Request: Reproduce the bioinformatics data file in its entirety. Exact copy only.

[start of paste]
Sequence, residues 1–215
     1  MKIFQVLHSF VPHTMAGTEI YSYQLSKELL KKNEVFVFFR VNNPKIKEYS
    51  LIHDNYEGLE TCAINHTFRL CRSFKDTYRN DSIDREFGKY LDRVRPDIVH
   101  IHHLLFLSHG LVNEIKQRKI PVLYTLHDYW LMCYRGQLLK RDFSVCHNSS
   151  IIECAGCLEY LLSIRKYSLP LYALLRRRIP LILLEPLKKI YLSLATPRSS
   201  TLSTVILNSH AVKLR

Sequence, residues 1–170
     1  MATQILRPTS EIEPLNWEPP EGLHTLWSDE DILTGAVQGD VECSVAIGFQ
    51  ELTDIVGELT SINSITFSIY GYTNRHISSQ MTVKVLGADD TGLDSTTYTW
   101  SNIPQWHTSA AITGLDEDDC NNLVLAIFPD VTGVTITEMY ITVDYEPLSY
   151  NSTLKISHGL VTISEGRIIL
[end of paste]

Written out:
Sequence, residues 1–215
     1  MKIFQVLHSF VPHTMAGTEI YSYQLSKELL KKNEVFVFFR VNNPKIKEYS
    51  LIHDNYEGLE TCAINHTFRL CRSFKDTYRN DSIDREFGKY LDRVRPDIVH
   101  IHHLLFLSHG LVNEIKQRKI PVLYTLHDYW LMCYRGQLLK RDFSVCHNSS
   151  IIECAGCLEY LLSIRKYSLP LYALLRRRIP LILLEPLKKI YLSLATPRSS
   201  TLSTVILNSH AVKLR

Sequence, residues 1–170
     1  MATQILRPTS EIEPLNWEPP EGLHTLWSDE DILTGAVQGD VECSVAIGFQ
    51  ELTDIVGELT SINSITFSIY GYTNRHISSQ MTVKVLGADD TGLDSTTYTW
   101  SNIPQWHTSA AITGLDEDDC NNLVLAIFPD VTGVTITEMY ITVDYEPLSY
   151  NSTLKISHGL VTISEGRIIL